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Urticaria

Most people are familiar with the term ‘hives’. They typically present as itchy, raised ‘welts’ which can occur nearly anywhere on the body – including the scalp, groin, hands, and feet. In dermatology, we use the term urticaria instead of ‘hives’. Despite popular belief, most cases of urticaria are not due to an allergy. Instead, they usually happen for no identifiable reason at all.

Medicines called antihistamines are the primary treatment for urticaria. The most common is Benadryl, although there are many other prescription and over­the­counter brands as well.

What many people don’t realize is that some of the medicines used for controlling stomach acid are actually a type of antihistamine also. These would include medicines like cimetidine (Tagamet®) and ranitidine (Zantac®). Even though these are usually used for heartburn, they can be particularly helpful when someone has difficult­to­control breakouts.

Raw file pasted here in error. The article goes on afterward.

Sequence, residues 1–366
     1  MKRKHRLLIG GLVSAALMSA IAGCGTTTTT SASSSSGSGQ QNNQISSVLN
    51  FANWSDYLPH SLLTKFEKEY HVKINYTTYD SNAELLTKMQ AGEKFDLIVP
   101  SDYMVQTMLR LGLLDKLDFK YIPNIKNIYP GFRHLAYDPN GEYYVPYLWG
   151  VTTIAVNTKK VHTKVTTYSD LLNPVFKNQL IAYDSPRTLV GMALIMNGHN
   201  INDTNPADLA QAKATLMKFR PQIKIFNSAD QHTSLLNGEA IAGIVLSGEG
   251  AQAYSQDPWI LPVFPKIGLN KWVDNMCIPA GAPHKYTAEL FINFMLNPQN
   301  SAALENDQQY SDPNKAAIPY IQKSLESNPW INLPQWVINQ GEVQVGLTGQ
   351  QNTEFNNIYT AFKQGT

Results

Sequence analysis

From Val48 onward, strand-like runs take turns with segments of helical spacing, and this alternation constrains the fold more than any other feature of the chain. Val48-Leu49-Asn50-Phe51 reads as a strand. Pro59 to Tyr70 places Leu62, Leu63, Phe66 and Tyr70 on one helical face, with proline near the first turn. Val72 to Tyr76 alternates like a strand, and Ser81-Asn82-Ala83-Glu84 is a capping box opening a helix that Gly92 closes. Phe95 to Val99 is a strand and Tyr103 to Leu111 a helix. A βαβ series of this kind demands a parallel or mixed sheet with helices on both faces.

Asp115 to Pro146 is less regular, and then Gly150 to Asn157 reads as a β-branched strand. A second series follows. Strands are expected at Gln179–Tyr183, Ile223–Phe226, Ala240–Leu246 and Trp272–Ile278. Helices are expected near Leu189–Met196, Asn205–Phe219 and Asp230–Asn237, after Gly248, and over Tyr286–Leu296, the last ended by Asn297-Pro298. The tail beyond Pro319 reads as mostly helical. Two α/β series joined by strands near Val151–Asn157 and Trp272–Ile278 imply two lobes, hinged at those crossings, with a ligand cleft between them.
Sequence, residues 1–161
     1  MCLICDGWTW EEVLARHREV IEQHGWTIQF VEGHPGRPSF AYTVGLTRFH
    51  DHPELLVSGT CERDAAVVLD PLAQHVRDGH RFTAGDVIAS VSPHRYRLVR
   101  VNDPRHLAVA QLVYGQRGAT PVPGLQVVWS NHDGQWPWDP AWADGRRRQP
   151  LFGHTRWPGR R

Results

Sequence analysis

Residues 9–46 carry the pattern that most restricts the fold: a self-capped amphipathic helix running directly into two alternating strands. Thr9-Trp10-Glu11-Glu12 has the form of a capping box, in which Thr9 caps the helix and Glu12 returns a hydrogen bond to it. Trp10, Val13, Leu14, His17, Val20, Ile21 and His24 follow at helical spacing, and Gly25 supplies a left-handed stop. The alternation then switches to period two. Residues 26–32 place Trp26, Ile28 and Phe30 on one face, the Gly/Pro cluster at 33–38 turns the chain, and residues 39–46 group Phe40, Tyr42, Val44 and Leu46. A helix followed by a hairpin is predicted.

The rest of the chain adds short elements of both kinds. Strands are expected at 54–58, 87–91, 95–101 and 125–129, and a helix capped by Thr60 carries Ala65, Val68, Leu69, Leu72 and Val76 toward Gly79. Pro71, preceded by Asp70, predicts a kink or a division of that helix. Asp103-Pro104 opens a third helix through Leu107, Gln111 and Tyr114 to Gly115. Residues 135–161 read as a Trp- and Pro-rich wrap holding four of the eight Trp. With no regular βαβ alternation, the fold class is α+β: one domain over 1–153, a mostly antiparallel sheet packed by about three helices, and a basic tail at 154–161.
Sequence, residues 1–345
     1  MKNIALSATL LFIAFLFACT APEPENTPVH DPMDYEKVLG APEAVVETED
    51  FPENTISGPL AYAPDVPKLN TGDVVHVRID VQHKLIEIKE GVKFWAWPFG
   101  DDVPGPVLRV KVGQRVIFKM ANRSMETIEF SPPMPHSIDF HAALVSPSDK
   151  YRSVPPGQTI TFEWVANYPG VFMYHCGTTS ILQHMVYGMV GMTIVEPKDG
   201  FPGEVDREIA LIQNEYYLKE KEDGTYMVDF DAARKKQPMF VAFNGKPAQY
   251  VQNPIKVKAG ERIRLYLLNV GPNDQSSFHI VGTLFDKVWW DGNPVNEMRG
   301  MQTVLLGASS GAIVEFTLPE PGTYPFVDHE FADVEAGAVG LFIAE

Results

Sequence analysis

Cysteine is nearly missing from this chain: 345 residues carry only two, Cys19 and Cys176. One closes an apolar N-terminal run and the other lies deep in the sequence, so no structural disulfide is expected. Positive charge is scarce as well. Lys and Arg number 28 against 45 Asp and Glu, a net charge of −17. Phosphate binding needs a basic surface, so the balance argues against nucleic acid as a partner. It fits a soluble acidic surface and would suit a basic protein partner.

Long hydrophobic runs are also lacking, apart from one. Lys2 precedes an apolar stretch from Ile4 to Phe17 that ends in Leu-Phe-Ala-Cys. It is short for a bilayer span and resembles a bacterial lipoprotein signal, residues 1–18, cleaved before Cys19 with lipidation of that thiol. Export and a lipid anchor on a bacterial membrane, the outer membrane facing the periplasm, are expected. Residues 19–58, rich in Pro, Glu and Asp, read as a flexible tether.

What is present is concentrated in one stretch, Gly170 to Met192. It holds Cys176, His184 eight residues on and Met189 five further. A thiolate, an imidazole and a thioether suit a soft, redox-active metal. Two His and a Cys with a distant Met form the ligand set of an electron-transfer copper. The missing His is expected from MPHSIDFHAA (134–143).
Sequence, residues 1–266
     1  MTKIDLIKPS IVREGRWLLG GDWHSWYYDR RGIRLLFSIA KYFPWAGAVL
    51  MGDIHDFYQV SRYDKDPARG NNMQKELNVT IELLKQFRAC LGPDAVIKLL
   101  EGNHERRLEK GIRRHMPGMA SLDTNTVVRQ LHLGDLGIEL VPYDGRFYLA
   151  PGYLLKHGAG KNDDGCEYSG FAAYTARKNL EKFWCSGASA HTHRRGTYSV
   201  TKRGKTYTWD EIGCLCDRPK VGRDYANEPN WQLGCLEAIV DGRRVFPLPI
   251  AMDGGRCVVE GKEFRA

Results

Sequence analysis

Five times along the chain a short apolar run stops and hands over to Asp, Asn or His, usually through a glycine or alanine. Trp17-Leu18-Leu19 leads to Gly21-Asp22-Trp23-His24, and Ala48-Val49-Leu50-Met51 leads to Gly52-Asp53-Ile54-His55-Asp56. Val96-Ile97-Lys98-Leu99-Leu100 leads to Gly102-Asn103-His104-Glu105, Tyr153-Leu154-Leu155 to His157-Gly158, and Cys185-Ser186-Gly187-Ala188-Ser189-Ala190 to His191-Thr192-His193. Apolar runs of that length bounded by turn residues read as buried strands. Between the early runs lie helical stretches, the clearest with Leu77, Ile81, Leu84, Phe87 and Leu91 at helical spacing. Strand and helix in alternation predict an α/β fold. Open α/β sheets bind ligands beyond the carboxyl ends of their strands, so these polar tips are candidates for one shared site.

The first goal with treating urticaria is to simply relieve the inflammation and itching. After doing so, most cases resolve without further testing. If needed, a biopsy or allergy testing may be considered. But again, usually no specific cause is found and ultimately we just have to allow time for the urticaria to quit flaring on its own.

YOUR TREATMENT PLAN

  1. Please do your best to avoid any activity which stimulates blood flow to the surface of the skin. Avoid hot temperatures ­ including hot baths and showers. Even scratching and rubbing can also make the urticaria flare worse.
  2. Although allergens usually don’t play a role, if there is a strong suspicion that a certain allergen did cause your breakout, then do your best to avoid it.
  3. Aspirin and other ‘NSAIDs’ (such as Advil®, Aleve®, etc.) can contribute to urticaria. If you are taking any such medications, please consider discontinuing their use. NOTE: If you’re prescribed aspirin by your PCP or heart doctor, we would ask that you seek their approval before stopping it.
  4. For the best results, the key is to provide steady coverage with the recommended medications throughout the day.